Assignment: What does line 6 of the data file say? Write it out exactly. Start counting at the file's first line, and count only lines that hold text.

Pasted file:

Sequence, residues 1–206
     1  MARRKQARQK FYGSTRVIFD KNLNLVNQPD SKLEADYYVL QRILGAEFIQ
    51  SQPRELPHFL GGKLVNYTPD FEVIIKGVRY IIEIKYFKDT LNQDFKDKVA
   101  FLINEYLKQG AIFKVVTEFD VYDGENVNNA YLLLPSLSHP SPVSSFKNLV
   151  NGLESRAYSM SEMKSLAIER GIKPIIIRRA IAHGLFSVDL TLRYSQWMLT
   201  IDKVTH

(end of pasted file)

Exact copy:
   201  IDKVTH